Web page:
An official from the National Institutes of Health told Kaiser Health News Sept. 14 that the agency is “very concerned” about a pause in AstraZeneca’s COVID-19 vaccine trial due to an adverse reaction in a U.K. patient.
“The highest levels of NIH are very concerned,” Avindra Nath, MD, intramural clinical director and a leader of viral research at the National Institute for Neurological Disorders and Stroke, an NIH division, told Kaiser Health News. “Everyone’s hopes are on a vaccine, and if you have a major complication the whole thing could get derailed.”
The NIH launched an investigation into the case and the FDA is deciding if it should resume the AstraZeneca trial, which was halted by the drugmaker Sept. 9 after a patient in the U.K. suffered a severe inflammation of the spinal cord. The trial was resumed in the U.K. Sept. 12 after gaining approval from the Medicines Health Regulatory Authority, the country’s equivalent to the FDA.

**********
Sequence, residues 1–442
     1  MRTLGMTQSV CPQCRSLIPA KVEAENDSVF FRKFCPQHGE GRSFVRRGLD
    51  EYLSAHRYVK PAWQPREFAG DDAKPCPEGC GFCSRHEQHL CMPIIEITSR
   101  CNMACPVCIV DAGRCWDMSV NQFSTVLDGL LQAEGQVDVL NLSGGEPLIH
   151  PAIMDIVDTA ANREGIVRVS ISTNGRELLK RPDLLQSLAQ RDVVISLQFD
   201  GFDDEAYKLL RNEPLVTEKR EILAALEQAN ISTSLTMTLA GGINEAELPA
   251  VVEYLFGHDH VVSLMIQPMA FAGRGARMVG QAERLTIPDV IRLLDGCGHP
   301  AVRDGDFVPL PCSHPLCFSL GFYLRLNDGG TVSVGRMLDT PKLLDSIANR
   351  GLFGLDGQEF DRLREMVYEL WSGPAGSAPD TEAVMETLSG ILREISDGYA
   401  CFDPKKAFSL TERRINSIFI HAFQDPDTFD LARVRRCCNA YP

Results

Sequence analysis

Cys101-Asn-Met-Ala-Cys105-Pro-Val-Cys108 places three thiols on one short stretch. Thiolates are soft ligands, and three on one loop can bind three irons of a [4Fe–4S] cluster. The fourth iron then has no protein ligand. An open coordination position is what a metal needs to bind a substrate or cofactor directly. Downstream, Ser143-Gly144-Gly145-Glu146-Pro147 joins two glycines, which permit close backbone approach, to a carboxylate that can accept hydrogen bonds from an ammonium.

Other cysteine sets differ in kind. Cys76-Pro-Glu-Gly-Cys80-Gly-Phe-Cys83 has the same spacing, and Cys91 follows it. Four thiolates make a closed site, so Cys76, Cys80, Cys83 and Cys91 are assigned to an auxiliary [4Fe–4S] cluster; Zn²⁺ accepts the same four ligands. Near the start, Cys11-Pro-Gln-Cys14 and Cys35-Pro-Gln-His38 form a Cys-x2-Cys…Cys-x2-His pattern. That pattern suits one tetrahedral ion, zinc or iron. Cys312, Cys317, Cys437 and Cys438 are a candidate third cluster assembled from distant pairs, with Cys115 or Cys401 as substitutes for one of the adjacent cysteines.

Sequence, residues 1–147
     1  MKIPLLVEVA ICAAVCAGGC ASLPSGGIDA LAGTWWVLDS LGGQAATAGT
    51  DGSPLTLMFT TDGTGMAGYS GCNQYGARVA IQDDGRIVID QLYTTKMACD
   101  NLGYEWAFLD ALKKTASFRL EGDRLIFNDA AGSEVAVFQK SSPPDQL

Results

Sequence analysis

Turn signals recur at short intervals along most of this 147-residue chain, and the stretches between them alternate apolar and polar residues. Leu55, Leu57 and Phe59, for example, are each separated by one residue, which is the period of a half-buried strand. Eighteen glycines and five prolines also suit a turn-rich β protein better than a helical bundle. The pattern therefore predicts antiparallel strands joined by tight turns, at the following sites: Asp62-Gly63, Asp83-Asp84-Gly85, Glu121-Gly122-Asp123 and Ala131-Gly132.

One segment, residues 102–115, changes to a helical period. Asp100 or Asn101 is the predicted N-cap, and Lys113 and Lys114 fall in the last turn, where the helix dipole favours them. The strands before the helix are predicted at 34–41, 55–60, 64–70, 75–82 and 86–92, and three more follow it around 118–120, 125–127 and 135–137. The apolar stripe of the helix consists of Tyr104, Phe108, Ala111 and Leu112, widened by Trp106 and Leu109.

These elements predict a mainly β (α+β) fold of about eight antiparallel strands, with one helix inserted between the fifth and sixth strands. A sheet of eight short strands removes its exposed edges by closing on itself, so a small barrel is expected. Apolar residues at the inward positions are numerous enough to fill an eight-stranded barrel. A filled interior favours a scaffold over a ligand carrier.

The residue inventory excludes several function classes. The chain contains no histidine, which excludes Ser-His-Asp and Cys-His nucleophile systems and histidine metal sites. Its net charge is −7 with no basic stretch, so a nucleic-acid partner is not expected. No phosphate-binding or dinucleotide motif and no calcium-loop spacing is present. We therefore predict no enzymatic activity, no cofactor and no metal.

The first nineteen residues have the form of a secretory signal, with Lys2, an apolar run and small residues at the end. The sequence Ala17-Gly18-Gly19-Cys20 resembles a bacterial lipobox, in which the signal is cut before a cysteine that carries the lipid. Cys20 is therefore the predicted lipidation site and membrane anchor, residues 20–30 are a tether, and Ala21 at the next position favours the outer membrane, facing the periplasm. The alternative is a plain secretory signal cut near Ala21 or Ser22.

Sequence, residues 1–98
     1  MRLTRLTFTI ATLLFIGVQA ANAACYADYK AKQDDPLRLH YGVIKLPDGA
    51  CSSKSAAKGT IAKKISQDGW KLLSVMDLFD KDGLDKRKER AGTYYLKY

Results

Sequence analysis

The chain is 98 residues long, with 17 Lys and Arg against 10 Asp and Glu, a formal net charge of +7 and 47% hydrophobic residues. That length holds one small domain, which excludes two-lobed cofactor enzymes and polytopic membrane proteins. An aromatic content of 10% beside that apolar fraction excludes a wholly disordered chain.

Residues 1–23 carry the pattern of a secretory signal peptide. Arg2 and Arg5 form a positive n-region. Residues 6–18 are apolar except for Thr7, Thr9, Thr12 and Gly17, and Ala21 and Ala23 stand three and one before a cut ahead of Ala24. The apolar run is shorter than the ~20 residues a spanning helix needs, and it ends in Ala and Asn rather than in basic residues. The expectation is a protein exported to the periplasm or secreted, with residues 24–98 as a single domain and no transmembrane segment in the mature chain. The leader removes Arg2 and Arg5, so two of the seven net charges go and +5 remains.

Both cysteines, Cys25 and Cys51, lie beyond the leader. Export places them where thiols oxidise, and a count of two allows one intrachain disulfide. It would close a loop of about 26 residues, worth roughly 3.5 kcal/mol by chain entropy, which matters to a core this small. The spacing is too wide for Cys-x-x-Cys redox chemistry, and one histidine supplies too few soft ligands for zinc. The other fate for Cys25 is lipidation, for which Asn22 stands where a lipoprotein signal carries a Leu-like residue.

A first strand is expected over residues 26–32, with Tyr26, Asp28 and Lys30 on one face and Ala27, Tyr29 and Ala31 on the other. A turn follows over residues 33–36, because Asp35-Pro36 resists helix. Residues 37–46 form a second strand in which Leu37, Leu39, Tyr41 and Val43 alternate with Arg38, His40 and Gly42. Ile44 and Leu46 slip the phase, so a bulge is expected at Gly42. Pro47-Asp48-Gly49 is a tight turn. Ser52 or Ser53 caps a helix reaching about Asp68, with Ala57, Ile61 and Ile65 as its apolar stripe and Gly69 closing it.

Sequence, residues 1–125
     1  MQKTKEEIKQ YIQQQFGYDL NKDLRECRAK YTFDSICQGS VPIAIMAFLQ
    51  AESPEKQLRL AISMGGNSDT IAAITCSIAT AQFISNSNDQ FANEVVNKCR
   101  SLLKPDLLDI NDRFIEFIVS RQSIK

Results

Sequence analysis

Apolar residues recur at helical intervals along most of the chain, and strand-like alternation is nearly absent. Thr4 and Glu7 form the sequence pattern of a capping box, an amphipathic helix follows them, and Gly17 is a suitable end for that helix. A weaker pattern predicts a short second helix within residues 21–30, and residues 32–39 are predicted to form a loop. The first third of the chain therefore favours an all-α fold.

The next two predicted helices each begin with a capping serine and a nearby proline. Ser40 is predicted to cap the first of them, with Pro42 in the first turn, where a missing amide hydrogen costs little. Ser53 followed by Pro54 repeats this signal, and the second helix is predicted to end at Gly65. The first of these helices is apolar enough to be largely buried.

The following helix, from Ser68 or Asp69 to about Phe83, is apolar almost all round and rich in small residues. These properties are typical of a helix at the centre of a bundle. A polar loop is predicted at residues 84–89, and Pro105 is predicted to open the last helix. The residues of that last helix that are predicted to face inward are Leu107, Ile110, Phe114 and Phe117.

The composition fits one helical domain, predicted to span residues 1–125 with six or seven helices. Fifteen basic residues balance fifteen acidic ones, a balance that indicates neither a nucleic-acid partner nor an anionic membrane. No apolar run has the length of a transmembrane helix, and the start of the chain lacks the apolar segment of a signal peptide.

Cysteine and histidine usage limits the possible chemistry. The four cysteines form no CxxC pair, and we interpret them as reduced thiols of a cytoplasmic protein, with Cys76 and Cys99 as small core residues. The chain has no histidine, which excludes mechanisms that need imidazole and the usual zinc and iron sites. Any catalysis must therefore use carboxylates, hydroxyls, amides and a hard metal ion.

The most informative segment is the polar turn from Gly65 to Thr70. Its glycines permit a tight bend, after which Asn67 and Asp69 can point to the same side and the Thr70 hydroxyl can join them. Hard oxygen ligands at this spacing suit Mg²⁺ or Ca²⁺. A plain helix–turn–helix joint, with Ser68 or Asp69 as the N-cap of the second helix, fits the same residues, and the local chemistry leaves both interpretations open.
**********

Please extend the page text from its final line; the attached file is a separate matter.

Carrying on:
It’s still unclear what exactly happened to the patient, but AstraZeneca has said the individual is no longer hospitalized, Kaiser Health News reported.
The NIH’s investigation is still in the “planning stages,” Dr. Nath told Kaiser Health News, and the agency has yet to get tissue or blood samples from the British patient.
The investigation may take a month or two, Dr. Nath said, and the FDA declined to comment to Kaiser Health News about how long it would take before it decides whether the U.S. can resume the trial.
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